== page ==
Viewpoints in New York City
New York City not only has classic skyscrapers like the Empire State Building or The Edge or the One World Observatory, which is the tallest building in the city. The Summit On Vanderbilte Observatory, in the heart of Manhattan, offers an experience designed by none other than Kenzo Digital. Not only the objective of visiting a viewpoint is to enjoy the best views. There is also an added value: photograph yourself in a unique and spectacular space to succeed on social networks.
Empire State Building
The art deco elegance of the skyscraper at the intersection of Fifth Avenue and 34th Street in Manhattan is second to none. The main icon of the city, together with the Statue of Liberty, has had to revitalize its offer in order not to lose the attractiveness that it achieved until the inauguration of other skyscrapers.
In recent years, all kinds of events have been added to the visits to the 86th and 102nd floors: from a special visit to watch the sunrise for only 40 visitors, to one accompanied by a guide and even a package for marriage proposals.
Few views are as evocative as those seen from there of lower Manhattan through the old iron binoculars scattered throughout the terrace. The third tallest building in the city, behind One World Trade Center and Central Park. This lookout offers sweeping views of New York, Brooklyn, Queens and, on clear days, spans six states, taking in New Jersey, Pennsylvania, Connecticut, Massachusetts and Delaware.
The cost of the individual entrance depends on the floor to which you want to go up: to the 86th it costs 44 dollars, while to get to the 102nd you have to pay a toll of 77 dollars per person.
It is the scene of all kinds of events since its opening in March 2020 in the Hudson Yards neighborhood. The second tallest open-air terrace in the Western Hemisphere and is suspended 345 meters above an arrow-shaped open-air platform that protrudes from the 100th floor of the building to offer the best 360-degree views of Manhattan.
You have to peer into the abyss from the edge of the terrace, only separated from the precipice by a sloping, frameless glass panel. The eastern end, the most requested space, reserved for one person, allows you to be photographed surrounded by air and sky. The cost of a single ticket for an adult is 36 dollars when reserving online and 38 dollars if purchased at the box office located on the fourth floor of the shopping center through which the building is accessed For children, the price is 31 and 33 dollars, respectively.
Summit One Vanderbilt
Opening in October 2021, Summit One Vanderbilt is the most interactive and fun observatory of New York’s skyscrapers. It is located next to Grand Central Station, in the heart of Manhattan. The tour begins in the Ascent, an exterior glass elevator where visitors can watch the city recede beneath their feet during a dizzying 1,800-foot-per-minute ascent.
The observatory is divided into four levels. There is an area called Levitation with a series of clear glass boxes cantilevered over Madison Avenue. You can also enjoy a multisensory art experience designed by Kenzo Digital, with games of mirrors where the visitor sees himself projected to infinity, which will delight any fan of Christopher Nolan’s science fiction films and his games. temporary space. The base fare, Summit Ascent, starts at $59 for adults and $53 for children; to enjoy the Summit Experience you have to pay an extra 39 euros. The cost for children is 33 dollars).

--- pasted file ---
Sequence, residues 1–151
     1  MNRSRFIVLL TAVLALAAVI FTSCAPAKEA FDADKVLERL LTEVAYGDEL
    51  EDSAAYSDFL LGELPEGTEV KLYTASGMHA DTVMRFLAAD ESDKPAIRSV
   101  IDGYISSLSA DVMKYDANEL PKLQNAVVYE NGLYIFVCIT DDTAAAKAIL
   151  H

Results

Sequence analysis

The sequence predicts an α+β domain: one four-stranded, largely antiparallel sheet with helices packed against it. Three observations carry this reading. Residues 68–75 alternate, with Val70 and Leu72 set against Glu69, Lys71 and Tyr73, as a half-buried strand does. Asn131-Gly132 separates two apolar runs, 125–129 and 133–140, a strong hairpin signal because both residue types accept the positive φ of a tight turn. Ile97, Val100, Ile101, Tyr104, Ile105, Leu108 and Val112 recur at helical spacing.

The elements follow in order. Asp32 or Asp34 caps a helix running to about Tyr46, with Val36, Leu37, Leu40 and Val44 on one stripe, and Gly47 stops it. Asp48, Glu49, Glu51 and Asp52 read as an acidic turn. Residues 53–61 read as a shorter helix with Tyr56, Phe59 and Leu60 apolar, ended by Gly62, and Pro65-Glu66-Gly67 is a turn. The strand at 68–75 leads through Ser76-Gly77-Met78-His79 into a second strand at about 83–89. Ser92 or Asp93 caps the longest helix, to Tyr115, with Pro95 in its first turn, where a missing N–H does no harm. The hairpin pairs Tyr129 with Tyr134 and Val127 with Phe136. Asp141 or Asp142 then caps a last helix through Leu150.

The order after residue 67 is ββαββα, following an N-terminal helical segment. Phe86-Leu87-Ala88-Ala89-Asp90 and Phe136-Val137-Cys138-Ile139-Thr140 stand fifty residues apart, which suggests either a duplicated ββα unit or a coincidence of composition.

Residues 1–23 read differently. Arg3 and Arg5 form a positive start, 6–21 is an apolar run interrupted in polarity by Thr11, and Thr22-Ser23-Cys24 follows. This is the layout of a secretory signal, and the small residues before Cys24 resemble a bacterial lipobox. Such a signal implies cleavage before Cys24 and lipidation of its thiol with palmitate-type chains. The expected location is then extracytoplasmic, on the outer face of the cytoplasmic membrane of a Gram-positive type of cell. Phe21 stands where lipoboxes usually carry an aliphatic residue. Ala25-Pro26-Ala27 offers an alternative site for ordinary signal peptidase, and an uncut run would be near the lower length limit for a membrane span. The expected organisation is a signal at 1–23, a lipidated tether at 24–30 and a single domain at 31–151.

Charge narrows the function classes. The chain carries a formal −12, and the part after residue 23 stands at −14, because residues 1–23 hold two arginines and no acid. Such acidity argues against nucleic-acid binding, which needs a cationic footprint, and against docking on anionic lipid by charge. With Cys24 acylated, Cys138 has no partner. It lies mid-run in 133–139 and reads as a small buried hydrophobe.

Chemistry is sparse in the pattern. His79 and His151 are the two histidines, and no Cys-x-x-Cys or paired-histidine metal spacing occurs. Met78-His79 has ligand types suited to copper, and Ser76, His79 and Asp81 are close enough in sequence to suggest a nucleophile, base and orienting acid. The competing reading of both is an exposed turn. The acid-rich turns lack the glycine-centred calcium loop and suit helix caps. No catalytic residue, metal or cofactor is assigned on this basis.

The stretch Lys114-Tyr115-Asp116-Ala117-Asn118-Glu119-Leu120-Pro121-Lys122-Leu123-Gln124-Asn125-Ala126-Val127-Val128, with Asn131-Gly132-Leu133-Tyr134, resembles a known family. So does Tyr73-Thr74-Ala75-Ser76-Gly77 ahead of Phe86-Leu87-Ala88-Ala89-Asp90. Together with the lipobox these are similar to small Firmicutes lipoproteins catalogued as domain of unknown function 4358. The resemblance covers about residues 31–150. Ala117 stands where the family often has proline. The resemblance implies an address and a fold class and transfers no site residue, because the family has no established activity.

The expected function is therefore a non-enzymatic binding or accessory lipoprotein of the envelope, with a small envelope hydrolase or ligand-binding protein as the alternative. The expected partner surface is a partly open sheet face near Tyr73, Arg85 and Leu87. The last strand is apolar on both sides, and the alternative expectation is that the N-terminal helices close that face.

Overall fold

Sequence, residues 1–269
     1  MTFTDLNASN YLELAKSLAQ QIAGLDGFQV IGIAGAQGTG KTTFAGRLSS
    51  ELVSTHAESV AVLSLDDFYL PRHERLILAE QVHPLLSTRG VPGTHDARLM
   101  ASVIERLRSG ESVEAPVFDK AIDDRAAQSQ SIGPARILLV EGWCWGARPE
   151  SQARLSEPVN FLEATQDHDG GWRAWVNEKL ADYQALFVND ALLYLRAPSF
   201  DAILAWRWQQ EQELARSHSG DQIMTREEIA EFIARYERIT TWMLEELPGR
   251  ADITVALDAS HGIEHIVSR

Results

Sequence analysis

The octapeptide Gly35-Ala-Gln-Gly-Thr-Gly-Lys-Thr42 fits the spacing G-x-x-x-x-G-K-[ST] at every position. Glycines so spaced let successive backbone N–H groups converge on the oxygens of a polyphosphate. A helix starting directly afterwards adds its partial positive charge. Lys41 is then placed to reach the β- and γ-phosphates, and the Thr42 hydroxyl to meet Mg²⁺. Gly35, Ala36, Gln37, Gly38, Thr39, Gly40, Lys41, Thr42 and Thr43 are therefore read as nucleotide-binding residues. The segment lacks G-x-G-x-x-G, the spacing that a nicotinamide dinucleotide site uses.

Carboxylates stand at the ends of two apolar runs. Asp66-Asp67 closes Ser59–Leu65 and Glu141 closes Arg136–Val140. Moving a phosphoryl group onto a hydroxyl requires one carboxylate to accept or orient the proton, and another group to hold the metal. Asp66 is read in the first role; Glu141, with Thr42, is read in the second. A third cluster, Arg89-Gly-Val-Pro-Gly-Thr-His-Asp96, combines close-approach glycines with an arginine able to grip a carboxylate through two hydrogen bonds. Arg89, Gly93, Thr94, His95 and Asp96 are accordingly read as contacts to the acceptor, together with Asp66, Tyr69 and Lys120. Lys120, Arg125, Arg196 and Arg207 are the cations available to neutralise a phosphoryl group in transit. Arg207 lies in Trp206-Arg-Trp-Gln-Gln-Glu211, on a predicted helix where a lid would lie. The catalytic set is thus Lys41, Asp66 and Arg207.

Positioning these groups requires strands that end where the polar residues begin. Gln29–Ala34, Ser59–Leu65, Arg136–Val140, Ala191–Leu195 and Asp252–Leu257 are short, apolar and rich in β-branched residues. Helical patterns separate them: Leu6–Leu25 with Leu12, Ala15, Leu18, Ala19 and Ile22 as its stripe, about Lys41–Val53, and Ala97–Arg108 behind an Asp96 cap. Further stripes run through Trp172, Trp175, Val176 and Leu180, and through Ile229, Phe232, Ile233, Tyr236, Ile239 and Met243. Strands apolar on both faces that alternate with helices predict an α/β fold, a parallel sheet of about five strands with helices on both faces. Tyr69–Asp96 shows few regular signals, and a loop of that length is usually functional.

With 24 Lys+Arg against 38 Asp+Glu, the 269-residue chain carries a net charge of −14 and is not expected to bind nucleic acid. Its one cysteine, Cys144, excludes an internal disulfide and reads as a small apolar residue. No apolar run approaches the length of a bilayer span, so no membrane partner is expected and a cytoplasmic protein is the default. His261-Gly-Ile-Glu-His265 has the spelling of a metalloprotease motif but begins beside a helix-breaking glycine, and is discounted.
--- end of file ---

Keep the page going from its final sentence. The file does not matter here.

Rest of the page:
Top of the Rock
It may not have the fame of the Empire State, but Top of the Rocks is without a doubt the second classic lookout point in Manhattan. Here was shot in 1932 Lunch on a Skyscraper, the famous photograph showing 11 workmen having lunch during the construction of the RCA Building. Located on top of the Rockefeller Center shopping center and facing the north of the island of Manhattan.
This viewpoint allows you to contemplate the green heart of New York, which is Central Park. The price of admission is $40 per person, and after leaving behind the Joie Chandelier, whose 14,000 Swarovski crystals hang three stories above the Grand Atrium lobby, you enter an elevator that, in less than a minute, it ascends 860 feet.
A first stop on the 70th floor is perfect for taking pictures, as the observation deck here has no metal or glass fences. To fully enjoy the experience, it is recommended to schedule the visit just before sunset.
One World Observatory
The One World Observatory is at the top of the Freedom Tower , the tallest building in the United States, at 1,775 feet. Its construction began in 2005, five years after the attacks in 2001, next to the site occupied by the Twin Towers, and it was inaugurated in 2015 as an office building.
Its SkyPod elevators go up 102 floors in 47 seconds. From the observatory the entire city is covered, and they are especially recommended for those who suffer from vertigo, since the entire viewpoint is closed with glass and there is a railing that prevents getting too close to the windows. Since its opening, more than 10 million visitors have already paid the 43 dollars for the entrance that allows you to enjoy its impressive views.
Located in Hudson River Park, near the Meatpacking and Chelsea neighborhoods, this New York public park, opened in May 2021, functions as a cape over the water of the Hudson River. Built on 132 structures (baptized as tulips) between 5 and 19 meters high, designed to withstand rising sea levels, this artificial island offers views of Manhattan from the west of the Big Apple, between rolling hills and winding roads, designed by the architect and landscaper of French origin Signe Nielsen, who combined 350 plant species.
Little Island is a public park, so your visit is free and can be combined with one of the music, dance, theater, comedy and art workshops that the park programs in its amphitheater or as a replenishing technical stop before visiting the nearby Whitney museum.